Goodbye, free-for-all parking? River North is trying to clean up its street-side mess

Try finding somewhere to park on a Friday night among RiNo’s warehouses, bars and endless rows of cars on its sidewalk-less streets.

Brighton Boulevard, south of I-70. (Kevin J. Beaty/Denverite)

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Try driving to the River North district on a Friday night. Once you’ve maneuvered around the construction cones and the drunk people on bicycle-powered buses, the real challenge is finding somewhere to park among the warehouses, bars and endless rows of cars on its streets, which often lack sidewalks.

“We realize we’ve kind of reached a critical point on this. The tension’s starting to build with more people, more construction,” said Jamie Licko, president of the River North Art District.

In response, the district is embarking on a study that could result in significant changes to the parking situation along Brighton and the area’s other streets.

“We have very little parking management happening here right now,” Licko said.

“For the most part, RiNo’s still a free-for-all, and that’s pretty odd for a neighborhood … at this point in our evolution, that you can park for the most part free and without time restrictions.”

The study, which the local business improvement district plans to take on with the city, will look at a few options.

First, it’ll ask whether time limits for street-side parking might free up spots more often.

It also will look at whether the area could make better use of existing parking, such as the Rockies overflow parking at Blake and 27th streets; and it will try to lay out a collaborative strategy for the new parking garages being built by private developers and potentially by the city for the National Western Center.

Moreover, RiNo’s looking at the extent to which traditional parking really is the answer. “There’s people on our board who don’t want the word parking at all to be involved in (the name of) our study,” Licko said.

“We’re looking at not just the present, but the future,” she explained.

“We’re really trying to be thoughtful not just as we look at parking alone, but parking into the future: How will driverless cars impact on that?  How can we use circulators or transit that alleviates traffic? How do we build parking that can be changed in the future?”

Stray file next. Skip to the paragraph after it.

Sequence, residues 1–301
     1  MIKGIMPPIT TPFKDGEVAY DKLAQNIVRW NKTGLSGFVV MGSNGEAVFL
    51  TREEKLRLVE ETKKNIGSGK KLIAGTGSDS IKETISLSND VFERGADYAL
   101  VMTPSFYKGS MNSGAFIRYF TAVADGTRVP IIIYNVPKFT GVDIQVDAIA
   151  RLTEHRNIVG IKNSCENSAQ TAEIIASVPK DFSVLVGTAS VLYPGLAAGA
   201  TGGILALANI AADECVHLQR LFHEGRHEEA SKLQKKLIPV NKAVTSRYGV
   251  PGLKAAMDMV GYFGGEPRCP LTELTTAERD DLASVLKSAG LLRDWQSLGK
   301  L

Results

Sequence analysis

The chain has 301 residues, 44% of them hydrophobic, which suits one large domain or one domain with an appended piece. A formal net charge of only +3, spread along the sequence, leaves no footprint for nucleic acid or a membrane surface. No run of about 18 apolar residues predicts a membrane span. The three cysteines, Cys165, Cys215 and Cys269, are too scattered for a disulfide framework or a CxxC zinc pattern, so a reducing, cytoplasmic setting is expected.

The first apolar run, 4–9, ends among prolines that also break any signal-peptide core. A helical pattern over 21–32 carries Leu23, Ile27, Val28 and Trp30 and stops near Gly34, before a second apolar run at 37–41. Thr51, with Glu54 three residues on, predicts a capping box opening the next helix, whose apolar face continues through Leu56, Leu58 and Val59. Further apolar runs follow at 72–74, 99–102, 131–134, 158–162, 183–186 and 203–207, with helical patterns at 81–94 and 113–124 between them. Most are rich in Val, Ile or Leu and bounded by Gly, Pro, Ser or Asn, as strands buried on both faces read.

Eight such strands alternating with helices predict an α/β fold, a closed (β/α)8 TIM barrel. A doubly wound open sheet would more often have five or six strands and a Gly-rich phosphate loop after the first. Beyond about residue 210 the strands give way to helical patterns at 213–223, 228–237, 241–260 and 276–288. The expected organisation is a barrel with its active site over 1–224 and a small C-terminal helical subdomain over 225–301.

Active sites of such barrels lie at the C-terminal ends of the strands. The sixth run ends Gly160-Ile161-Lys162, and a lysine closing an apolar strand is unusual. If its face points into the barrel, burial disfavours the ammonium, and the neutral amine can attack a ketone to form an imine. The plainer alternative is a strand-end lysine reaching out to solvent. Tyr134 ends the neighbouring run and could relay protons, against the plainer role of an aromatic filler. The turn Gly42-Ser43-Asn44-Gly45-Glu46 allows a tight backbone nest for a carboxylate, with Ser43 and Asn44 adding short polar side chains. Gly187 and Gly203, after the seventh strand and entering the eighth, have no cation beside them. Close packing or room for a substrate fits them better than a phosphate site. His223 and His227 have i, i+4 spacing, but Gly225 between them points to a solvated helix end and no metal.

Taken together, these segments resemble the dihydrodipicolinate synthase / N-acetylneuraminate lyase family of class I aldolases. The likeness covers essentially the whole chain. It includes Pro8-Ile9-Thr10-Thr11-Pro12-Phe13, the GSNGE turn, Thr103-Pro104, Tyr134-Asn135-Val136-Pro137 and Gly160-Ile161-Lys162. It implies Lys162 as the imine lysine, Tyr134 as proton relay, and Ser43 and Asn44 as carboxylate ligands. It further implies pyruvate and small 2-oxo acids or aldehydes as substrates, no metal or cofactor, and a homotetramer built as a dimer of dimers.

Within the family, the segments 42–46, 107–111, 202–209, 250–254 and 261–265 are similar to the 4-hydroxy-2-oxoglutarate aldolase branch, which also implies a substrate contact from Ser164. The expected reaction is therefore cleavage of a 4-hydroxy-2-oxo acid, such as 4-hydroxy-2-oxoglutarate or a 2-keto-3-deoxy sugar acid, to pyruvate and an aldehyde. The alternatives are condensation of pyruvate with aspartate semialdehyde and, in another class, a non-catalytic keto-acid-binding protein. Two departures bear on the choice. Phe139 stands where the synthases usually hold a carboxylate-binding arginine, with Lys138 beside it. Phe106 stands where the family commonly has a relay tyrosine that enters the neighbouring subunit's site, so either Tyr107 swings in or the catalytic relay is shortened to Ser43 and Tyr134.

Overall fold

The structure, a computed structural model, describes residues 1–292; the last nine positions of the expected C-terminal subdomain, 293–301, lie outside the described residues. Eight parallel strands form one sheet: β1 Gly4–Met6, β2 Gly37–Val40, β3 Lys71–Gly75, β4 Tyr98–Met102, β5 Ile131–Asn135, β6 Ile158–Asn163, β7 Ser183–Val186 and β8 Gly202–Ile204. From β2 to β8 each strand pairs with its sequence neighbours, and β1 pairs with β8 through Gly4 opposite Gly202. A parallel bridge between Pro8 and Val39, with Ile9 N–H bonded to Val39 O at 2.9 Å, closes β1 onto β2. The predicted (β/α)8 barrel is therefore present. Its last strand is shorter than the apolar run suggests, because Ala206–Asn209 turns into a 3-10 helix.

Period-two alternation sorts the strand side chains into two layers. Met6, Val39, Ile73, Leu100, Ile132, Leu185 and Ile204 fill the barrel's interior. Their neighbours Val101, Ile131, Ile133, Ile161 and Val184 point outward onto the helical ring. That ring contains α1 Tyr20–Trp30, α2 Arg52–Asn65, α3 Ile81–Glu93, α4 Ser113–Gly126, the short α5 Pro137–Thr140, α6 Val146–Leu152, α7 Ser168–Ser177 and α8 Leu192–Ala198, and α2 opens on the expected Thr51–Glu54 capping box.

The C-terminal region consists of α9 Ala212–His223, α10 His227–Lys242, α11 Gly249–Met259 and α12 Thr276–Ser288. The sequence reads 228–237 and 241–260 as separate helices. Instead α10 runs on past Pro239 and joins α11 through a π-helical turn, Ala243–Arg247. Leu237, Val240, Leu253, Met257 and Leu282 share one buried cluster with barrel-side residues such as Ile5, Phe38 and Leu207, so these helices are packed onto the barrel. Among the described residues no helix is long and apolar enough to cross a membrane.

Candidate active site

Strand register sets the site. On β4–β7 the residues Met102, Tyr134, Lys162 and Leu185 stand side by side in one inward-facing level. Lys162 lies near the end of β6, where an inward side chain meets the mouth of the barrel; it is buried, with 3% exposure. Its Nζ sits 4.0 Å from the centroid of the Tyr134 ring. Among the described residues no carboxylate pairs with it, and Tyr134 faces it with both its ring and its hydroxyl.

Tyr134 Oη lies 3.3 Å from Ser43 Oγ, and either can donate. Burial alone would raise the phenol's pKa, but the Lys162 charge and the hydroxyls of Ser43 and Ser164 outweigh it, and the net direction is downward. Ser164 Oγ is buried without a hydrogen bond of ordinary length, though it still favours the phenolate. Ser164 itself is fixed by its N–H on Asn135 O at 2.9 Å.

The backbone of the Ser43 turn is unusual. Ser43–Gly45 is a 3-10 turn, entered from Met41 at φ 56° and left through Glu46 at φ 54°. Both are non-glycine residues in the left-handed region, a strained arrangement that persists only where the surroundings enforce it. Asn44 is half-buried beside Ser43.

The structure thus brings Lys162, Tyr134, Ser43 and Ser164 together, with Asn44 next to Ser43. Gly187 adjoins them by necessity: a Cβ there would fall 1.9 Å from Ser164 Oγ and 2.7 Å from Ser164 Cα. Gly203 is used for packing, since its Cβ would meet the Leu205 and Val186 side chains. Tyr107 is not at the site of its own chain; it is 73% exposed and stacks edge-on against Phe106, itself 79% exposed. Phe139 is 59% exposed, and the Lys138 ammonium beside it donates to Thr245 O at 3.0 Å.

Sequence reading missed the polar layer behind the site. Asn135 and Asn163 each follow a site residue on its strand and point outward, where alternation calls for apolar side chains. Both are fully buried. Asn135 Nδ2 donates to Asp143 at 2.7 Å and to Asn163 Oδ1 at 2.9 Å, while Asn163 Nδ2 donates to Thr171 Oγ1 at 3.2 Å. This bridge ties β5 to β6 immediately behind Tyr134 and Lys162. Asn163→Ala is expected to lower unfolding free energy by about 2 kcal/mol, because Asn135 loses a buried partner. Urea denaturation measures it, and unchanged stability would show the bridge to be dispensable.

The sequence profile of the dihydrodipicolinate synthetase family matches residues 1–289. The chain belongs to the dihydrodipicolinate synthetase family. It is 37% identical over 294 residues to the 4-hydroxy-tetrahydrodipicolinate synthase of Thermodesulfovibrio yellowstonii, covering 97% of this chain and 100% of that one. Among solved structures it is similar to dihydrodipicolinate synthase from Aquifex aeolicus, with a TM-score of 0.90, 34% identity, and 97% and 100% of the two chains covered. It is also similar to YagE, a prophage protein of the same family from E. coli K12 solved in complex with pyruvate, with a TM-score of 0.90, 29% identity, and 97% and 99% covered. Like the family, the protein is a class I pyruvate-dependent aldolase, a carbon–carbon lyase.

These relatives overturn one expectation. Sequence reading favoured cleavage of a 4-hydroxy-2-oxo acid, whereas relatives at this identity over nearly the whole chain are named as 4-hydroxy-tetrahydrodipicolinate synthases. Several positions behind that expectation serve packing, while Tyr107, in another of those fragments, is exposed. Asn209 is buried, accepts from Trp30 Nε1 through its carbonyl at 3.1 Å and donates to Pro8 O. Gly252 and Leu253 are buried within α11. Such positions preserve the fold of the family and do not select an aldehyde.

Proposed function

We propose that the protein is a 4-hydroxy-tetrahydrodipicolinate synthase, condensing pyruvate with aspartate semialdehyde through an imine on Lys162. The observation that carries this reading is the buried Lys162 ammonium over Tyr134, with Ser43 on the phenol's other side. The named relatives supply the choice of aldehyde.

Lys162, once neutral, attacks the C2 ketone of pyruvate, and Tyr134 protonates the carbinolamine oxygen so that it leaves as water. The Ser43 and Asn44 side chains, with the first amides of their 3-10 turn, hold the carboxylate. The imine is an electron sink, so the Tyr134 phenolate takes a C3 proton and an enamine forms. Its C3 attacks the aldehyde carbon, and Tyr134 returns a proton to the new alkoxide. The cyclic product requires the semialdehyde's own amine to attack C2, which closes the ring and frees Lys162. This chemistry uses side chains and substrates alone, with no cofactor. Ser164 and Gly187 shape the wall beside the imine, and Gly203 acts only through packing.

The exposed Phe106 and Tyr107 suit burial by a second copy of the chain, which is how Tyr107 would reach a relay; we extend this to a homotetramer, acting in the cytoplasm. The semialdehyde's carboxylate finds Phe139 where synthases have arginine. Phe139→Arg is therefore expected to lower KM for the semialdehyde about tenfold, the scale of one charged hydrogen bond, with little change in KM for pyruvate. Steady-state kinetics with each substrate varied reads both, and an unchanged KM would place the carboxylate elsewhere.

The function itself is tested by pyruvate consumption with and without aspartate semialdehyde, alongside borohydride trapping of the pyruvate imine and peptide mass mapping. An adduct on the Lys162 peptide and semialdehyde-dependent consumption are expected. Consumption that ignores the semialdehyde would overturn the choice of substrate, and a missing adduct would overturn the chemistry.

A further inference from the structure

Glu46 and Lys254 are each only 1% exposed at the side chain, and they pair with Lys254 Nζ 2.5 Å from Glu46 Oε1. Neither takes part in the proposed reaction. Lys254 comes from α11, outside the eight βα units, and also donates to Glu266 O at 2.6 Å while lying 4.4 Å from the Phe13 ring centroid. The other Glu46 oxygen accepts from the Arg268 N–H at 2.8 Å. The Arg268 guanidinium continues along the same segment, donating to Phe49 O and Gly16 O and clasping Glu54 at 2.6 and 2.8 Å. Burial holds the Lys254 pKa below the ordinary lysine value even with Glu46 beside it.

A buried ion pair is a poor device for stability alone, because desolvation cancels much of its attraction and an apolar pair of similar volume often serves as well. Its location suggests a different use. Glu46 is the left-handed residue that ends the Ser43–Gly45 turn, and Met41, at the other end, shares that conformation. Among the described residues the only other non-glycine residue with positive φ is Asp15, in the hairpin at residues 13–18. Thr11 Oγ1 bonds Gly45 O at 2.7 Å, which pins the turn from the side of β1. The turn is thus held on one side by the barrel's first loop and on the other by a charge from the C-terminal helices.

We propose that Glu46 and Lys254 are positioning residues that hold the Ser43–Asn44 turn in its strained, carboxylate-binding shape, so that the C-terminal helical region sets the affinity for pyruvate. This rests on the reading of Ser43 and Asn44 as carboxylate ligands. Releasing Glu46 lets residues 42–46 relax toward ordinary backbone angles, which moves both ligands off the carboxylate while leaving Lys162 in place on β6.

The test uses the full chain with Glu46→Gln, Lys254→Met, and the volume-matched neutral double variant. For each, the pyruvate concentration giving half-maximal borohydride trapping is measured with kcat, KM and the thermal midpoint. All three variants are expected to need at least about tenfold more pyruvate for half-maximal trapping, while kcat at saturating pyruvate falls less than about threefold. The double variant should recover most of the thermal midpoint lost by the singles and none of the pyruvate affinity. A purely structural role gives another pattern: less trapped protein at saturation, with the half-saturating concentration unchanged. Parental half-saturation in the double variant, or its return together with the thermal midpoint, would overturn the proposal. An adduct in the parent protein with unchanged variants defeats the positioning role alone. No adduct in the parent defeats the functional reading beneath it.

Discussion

The city and developers already are taking on pedestrian-friendly projects on Brighton Boulevard, over and along the South Platte River, and on Washington Street, not to mention the new rail station at 38th and Blake.

For now, though, Licko acknowledged that automobiles remain one of the main ways people get around the former industrial area, which in many places lacks even basic sidewalks.

“We’re still a car-oriented population here,” she said.

The improvement district, which is funded by an extra local property tax, also is trying to incorporate other groups’ parking concerns.

For example, the Curtis Park neighborhood group intersects with RiNo’s boundaries and recently worked with the city on new parking restrictions for areas, including Larimer Street, Licko said.

“Our neighborhood (businesses) got pretty upset about that, and I think rightfully so, because you’re starting to put restrictions on one of our streets without looking at how the commercial corridor works together,” she said. “It’s just going to create problems at other parts.”

RiNo’s supportive of the new restrictions on Larimer and of Curtis Park’s work on the issue, but wants to tackle the issue as part of the more holistic look at traffic around River North.

“We think the recommendations for Larimer are wise, and time restrictions are critical, but we need to do it in a way that won’t have a domino effect of negative impacts in other commercial areas,” she wrote later in an email.

Licko is preparing to issue a request for proposals to find the company that will conduct the parking study and hopes to have it underway soon. Meanwhile, if you have some comments to share on the RiNo parking situation, email me.

This story was updated with further comments from Licko about the Curtis Park study.

Andrew Kenney

Author: Andrew Kenney

Andrew Kenney writes about public spaces, Denver phenomena and whatever else. He previously worked for six years as a reporter at The News & Observer in Raleigh, N.C. His most prized possession is his collection of bizarre voicemail. Leave him one at 303-502-2803, or email akenney@denverite.com.